Matthew Bettinelli-Olpin: The most important thing to us, throughout this process, was to be conscious of how to honor what Wes Craven created. How do we expand on that? How do we learn and use the tools that we’ve picked up from him over the years to make this next chapter of Scream something he would have been proud of? We wanted to make sure [his vision] was in the DNA of this movie, and Guy and Jamie did an incredible job in the script of making sure that was true on a foundational level. We were really conscious the whole time of how Wes would do things: What would Wes do? That was something we talked about all the time. We immersed ourselves in interviews and books to get every little tidbit of information we could about him. We embraced it. We talked to all the legacy cast, we talked to Patrick Lussier, his editor on the [first three] Scream movies, his wife, everybody we could talk to. And [screenwriter] Kevin Williamson, of course, had so much information from Wes to share with us. Hopefully all of that is in the movie, because in a lot of ways, the movie is a love letter to Wes that also pushes the franchise forward. We also wanted to make sure we didn’t get stuck in nostalgia, because that’s not something we think would do the franchise justice.
That’s such an important balance to strike. What did you learn to emulate and what did you learn to avoid from the sequels?
Tyler Gillett: One of the things that we had the advantage of, having been fans of the original four movies, was this sense of muscle memory of what it feels like to be [watching] Scream. It’s so specific in the way these movies are, how they mix tone and genre; the alchemy of a Scream movie is such a singular thing. For us, what we learned and what those movies taught us was to follow that feeling. This goes back to our first read of the script—did it feel like it was of the same cloth? We carried that with us throughout the process as well. At every stage of production we asked ourselves, does this feel like a Scream movie? Is this a choice that a Scream movie would make? You dig into the specificity of that. One of the things that we strived for, and it’s what we love so much about the franchise, is how it always plays with and subverts expectations. The second that you think the movie is going to go right, it goes left. We just love that. So much of the experience is being on this wild ride and thinking you know what’s going to happen, but also knowing the movie is probably a few steps ahead of you the whole time.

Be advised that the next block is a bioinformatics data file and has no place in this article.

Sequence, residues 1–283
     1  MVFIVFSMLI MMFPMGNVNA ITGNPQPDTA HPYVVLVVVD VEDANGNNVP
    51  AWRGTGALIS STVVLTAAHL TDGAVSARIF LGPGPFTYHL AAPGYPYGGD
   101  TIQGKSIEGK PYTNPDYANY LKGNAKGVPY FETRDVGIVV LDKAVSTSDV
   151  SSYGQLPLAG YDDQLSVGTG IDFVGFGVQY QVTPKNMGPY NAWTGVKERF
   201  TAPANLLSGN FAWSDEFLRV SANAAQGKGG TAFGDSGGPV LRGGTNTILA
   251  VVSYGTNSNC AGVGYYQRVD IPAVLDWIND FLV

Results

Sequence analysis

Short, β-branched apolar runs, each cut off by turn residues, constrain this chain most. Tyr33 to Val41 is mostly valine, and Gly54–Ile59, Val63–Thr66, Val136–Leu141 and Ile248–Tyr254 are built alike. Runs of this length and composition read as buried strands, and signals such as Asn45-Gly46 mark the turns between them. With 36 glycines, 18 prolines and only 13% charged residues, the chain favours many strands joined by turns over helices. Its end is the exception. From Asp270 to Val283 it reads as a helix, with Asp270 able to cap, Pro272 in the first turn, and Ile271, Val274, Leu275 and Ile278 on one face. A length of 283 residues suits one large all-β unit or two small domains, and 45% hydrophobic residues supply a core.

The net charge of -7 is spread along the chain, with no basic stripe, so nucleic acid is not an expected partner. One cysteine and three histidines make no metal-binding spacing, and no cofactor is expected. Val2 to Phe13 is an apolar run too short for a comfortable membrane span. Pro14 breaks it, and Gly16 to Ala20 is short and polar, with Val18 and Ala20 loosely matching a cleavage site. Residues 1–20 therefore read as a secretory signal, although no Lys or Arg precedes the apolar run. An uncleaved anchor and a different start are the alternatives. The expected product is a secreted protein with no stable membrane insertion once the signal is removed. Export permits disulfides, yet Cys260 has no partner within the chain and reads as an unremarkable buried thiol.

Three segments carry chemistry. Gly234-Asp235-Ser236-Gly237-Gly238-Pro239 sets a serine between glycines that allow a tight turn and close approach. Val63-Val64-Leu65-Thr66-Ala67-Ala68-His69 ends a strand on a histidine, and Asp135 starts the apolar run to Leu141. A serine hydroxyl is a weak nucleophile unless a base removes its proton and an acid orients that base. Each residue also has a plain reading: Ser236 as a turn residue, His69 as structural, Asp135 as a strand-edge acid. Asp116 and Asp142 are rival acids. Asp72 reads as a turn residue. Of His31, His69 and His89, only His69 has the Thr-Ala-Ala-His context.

Matthew Bettinelli-Olpin: The first one, for the three of us, is one of the greatest movies of all time. Full stop, period. Not as a horror movie, no disclaimers—just as a movie. One of the things that we learned is that the subsequent ones all live in that same world and that the fans of Scream really care about all of those [details]. Some franchises have [sequels] that everybody just writes off, and they don’t count anymore. With Scream there is a long legacy. A large part of that is because Wes Craven directed all four of them and Kevin [Williamson] wrote three of them. We wanted to make sure that we never let go of that. Good, bad, or whatever anybody’s point of view is on the previous four, we wanted to make sure that ours can stand with those in terms of what the ultimate story is.
When I think of Scream, I think of how it is so willing to play with the formulas of the genre. How it’s very playfully self-reflexive. The series is a commentary on where horror is when those individual movies come out. The most recent installment, Scream 4, addressed a lot of that found-footage horror film that we were seeing during its time. What does your Scream have to say about where horror is today?
Tyler Gillett: That question is a bit slippery for us to answer, unfortunately. What we can say is that we were excited to see how [the writers] tackled that. How it’s self-reflexive, how it’s providing some form of commentary about pop culture and the genre and where we’re at in a very specific moment in time. All of that is there, but it’s not so mired in it that it forgets to be a thrilling horror movie. For us, it was essential you didn’t find yourself being reminded the whole time that you’re watching a Scream movie. The short answer is that we’re really excited to be able to have these conversations after the movie has come out. There’s a whole lot to unpack in what the movie is providing commentary on.